1. The inherent value and dignity of hard work. "Put your nose to the grindstone". Just get it done. He could work harder than any human I've ever seen. The house I grew up in he built. Somebody was coming the next day to install something, and it had to be sided. He and Mom sided the entire house in one day. Dad drove a 50lb keg of nails that day, Mom cut the lumber. He couldn't lift his arms the next day.
2 Take the time from work to do something else. When Mom and Dad were in their late 50's early 60's they pretty much traveled the world. When we were kids we always loaded up in the car and drove around the US for 2 weeks. I'll be first to admit that this lesson I didn't learn well, but I'm "working on it".
3. Honesty. I hope I learned this one well.
4. Truth. Dad spoke the truth. Whether you wanted to hear it or not, no matter who you were. Never harshly, just truth.
5. Love. Exemplified with Dad's care of Mom. Mom's parkinsons the last 3 years of her life left her immobile. Dad took care of all of it. He just about wouldn't let us help. Every night after she died Dad touched her picture before he went to bed. And in how he was the rock around which all of us revolved. When you had a problem, needed help, he was there. He and Mom were a love affair that lasted over 50 years.
6. Entrepreneurship. Growing up in a hardware store, run by my parents was much like what you hear farm kids describing their lives. Everybody works, everybody shares responsibilities. I gave the corporate world a try for a while. I couldn't do it. Owing your own business is a dream for many. But the grunt hard grind it can be makes a "job" with benefits look pretty good sometimes. I know when I left Boeing for the hardware store Mom and Dad asked me several times if I was sure.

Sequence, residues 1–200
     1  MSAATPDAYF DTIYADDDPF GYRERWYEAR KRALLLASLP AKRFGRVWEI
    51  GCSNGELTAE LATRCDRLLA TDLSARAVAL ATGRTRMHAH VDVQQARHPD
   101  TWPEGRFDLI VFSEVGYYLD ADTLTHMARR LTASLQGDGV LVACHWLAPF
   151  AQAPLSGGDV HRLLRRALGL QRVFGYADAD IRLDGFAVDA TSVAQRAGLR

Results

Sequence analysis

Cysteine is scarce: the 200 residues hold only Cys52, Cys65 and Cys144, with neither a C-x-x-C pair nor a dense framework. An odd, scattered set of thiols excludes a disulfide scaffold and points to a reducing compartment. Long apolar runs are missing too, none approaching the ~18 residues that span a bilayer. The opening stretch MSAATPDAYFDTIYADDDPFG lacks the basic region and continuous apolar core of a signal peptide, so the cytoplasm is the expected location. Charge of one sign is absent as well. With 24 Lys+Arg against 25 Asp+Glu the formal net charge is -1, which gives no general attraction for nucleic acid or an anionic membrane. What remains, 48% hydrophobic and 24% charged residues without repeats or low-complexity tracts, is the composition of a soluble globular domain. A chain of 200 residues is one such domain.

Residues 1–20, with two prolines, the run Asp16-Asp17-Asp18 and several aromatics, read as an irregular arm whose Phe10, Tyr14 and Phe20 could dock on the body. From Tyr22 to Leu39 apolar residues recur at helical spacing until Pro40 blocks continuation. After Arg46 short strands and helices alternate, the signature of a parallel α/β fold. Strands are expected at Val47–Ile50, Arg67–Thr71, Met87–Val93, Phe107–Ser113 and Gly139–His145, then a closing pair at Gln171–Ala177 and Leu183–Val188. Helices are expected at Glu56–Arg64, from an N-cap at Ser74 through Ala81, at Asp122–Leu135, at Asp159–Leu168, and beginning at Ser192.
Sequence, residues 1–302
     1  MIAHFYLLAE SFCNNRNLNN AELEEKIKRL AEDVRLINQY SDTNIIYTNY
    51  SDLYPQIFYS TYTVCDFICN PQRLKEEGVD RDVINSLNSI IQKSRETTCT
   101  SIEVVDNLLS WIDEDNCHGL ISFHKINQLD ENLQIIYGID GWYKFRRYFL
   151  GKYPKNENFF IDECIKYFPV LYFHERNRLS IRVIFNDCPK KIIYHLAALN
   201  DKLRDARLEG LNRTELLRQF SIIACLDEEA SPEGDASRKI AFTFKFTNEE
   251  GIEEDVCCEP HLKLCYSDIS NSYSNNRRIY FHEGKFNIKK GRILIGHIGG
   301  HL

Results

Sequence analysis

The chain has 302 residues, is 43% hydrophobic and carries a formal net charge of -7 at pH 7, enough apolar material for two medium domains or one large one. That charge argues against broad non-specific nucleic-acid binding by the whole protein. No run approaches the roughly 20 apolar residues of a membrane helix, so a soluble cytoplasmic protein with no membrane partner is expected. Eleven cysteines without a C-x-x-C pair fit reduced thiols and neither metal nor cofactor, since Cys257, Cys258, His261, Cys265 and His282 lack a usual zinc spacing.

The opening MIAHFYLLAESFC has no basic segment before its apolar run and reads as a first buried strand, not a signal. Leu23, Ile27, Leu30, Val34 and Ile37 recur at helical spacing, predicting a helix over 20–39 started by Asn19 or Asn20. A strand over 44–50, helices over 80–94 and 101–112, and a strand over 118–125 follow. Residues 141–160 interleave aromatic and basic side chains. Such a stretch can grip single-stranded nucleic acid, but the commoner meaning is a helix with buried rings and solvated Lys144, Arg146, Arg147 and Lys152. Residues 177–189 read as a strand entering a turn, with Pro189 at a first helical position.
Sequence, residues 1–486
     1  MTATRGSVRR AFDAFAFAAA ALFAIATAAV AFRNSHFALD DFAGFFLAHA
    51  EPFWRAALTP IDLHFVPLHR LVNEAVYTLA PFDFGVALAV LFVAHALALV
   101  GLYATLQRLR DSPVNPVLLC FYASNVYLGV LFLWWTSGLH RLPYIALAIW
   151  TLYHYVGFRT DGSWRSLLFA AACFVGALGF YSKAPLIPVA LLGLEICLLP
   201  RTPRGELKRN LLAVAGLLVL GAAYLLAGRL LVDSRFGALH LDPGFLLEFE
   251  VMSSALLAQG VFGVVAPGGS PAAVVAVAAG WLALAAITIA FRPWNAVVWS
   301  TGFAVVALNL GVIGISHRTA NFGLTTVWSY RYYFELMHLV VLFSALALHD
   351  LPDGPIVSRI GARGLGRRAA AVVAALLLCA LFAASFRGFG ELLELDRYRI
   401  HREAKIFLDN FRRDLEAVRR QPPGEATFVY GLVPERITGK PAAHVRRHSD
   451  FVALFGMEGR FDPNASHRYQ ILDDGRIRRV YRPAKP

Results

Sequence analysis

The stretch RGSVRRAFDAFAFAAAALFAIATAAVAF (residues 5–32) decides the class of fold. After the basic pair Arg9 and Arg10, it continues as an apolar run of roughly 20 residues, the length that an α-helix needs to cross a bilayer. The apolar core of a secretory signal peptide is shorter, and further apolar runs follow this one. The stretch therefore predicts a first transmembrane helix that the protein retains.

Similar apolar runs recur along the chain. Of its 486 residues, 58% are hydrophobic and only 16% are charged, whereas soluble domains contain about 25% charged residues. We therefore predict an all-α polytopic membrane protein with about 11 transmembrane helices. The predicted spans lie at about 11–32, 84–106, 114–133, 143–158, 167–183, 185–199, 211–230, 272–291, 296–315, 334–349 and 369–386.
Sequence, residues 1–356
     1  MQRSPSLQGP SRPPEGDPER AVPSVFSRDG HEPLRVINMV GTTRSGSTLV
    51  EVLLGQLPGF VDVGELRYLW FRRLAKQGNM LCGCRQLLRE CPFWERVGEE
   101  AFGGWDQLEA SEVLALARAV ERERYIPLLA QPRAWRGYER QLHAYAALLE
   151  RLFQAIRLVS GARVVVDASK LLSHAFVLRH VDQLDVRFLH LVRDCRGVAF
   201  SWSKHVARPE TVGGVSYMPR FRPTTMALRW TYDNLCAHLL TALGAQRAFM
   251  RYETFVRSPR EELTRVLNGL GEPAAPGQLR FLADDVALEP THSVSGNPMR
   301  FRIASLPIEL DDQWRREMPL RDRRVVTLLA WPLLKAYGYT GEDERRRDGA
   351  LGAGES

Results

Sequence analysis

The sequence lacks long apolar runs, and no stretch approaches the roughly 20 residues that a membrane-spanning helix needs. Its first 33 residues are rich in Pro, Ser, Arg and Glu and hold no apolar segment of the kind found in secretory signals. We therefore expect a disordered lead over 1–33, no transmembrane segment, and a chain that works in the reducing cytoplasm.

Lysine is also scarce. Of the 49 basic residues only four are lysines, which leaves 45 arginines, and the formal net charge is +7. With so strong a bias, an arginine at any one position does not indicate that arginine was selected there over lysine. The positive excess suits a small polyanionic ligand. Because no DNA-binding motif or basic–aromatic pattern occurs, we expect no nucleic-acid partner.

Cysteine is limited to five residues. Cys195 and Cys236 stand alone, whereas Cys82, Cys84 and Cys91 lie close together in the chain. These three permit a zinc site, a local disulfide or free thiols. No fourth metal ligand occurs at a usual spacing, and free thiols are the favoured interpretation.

Dad would come up with crazy ideas for the store, house, whatever. Mom would fix that with a "now Jiggs" and that was the end of it. But their instincts for business were almost unerring. They never got rich, but did put 3 kids through college with no debt and retired pretty well, and had long lives after.
7. Life. Going through this with first Mom, who's illness was protracted for a very long time, and now with Dad in a much shorter span has shown me something. Life is more powerful than anything. Yes, death gets us all, but the titanic struggle I have witnessed between my father and death, even though he wished it, convinces me that death wins, but death is not the winner. The life lived, the lives left behind, those are the winners. I recently read that physicists are coming to the conclusion that everything is just information. So conservation of energy and mass rules apply. If that's true, nothing is lost, the religions are right. The universe (heaven) is gained. Maybe not pearly gates, but maybe it is.
8. Respect. The biggest fear we all had was disappointing him. It was never mean, but you knew when he disapproved or was disappointed. He was such a figure of respect to everyone who knew him.
9. Don't take any of it too seriously. Seriously. :-)
10. How to do/fix/make stuff. Working with him was like working with a tornado. Fast and furious. You better be watching, because it's probably not going to get explained, just done. He about killed a couple of grandsons when in his 80's roofing the kennel building. Just like he about killed a couple of sons in his 60's roofing the house. We couldn't carry shingles fast enough. No nailers, 1-1/4 roofing nails, 1 hit to start, next to drive flush, every time.
G.S. "Jiggs" Crooks Aug 1 1921, Aug 21 2012.